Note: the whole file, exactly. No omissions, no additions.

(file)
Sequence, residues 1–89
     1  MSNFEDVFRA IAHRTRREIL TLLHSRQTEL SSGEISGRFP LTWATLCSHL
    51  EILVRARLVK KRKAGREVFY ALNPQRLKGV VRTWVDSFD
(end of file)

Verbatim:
Sequence, residues 1–89
     1  MSNFEDVFRA IAHRTRREIL TLLHSRQTEL SSGEISGRFP LTWATLCSHL
    51  EILVRARLVK KRKAGREVFY ALNPQRLKGV VRTWVDSFD